Presently the world is going through the global warming phase; the cause has been attributed to increasing green house gases from industrial, commercial and various other residential activities. Goodall (2007:3) mentions that fewer people know the details regarding the amount of carbon dioxide are generated in their day to day activities. It is further mentioned that only air travels, each person travelling by air is responsible for 12.5 tonnes of greenhouse gases per year in United Kingdom. It is important to mention that half of the total carbon emissions results from the way in which we live i.e. running our homes and getting from place to place in car or plane. Bergman et al (2007) states that household ownership of electronics, such as televisions, domestic IT and other gadgets has increased rapidly and expected to continue to rise over the next years making the consumer electronics, the biggest single sector of home electricity consumption. And moreover, the number of households is increasing with the increased growth in population year by year causing an increased environmental burden and introducing social sustainability issues. ...
The present paper looks into the policies adopted by United Kingdom to reduce the carbon emissions the residential sector by providing carbon free homes as stipulated in their Code for Sustainable Homes.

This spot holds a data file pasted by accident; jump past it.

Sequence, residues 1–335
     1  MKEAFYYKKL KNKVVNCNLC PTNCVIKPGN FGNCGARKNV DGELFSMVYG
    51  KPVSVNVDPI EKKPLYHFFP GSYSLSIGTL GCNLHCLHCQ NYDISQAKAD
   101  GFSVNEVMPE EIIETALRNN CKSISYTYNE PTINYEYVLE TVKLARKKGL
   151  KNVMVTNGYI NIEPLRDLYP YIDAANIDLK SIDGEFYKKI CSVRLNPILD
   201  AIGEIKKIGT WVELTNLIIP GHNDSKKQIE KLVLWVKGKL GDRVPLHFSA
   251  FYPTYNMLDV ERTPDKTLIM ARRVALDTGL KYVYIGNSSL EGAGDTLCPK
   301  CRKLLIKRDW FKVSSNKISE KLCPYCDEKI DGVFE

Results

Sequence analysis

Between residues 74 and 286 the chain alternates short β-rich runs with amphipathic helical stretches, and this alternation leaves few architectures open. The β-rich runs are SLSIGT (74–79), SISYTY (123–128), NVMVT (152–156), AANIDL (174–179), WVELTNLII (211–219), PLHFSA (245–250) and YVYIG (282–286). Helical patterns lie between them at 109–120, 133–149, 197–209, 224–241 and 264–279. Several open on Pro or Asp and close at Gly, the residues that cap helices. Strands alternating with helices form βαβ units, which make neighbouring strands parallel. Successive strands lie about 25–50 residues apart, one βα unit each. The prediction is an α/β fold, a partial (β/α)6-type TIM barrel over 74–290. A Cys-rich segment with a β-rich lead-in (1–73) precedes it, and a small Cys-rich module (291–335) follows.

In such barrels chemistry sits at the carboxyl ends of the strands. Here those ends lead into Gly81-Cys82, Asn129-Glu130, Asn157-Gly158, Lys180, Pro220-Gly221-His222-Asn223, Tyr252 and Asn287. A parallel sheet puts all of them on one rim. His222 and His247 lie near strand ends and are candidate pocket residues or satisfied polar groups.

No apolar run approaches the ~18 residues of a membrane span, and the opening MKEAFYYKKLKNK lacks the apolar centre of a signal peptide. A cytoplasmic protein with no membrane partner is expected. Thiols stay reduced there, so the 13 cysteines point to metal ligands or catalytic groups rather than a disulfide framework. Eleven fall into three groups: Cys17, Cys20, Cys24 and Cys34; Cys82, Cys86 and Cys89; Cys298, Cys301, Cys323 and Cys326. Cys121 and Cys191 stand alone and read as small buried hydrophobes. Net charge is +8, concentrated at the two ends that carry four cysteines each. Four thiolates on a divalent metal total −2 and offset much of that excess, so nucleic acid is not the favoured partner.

Code for Sustainable Homes - Why
According to the report for World Business Summit on Climate Change at Copenhagen (2009) business has a critical role to play in financing, developing and deploying low carbon solutions and is expected to provide bulk of the investment required in transition to a low carbon economy. Further the mechanisms and regulations designed by the governments, whether carbon markets, public private partnerships, standards or taxes should be designed to promote business engagement on climate change. The summit agreed to reduce the carbon emission in various areas and increase the energy efficiency which can help in reducing 34% carbon emissions. The White Paper on UK Low Carbon Transition Plan (2009) reported that the average global temperature may rise up to 6O C by the end of the present century if the emission of greenhouse gases are not reduced below today's level. The property sector is becoming more aware of the need to reduce exposure to environmental risk. The impact of the construction process and the associated impact from materials extraction and manufacture in terms of energy and resource use or levels of emissions on global conditions could be identified as a major 'indirect' environmental hazard. It is pertinent to mention here that though the main source of the carbon greenhouse gases is the burning fossil fuels for energy, a reduction in the energy level is required in manufacturing sector. The release of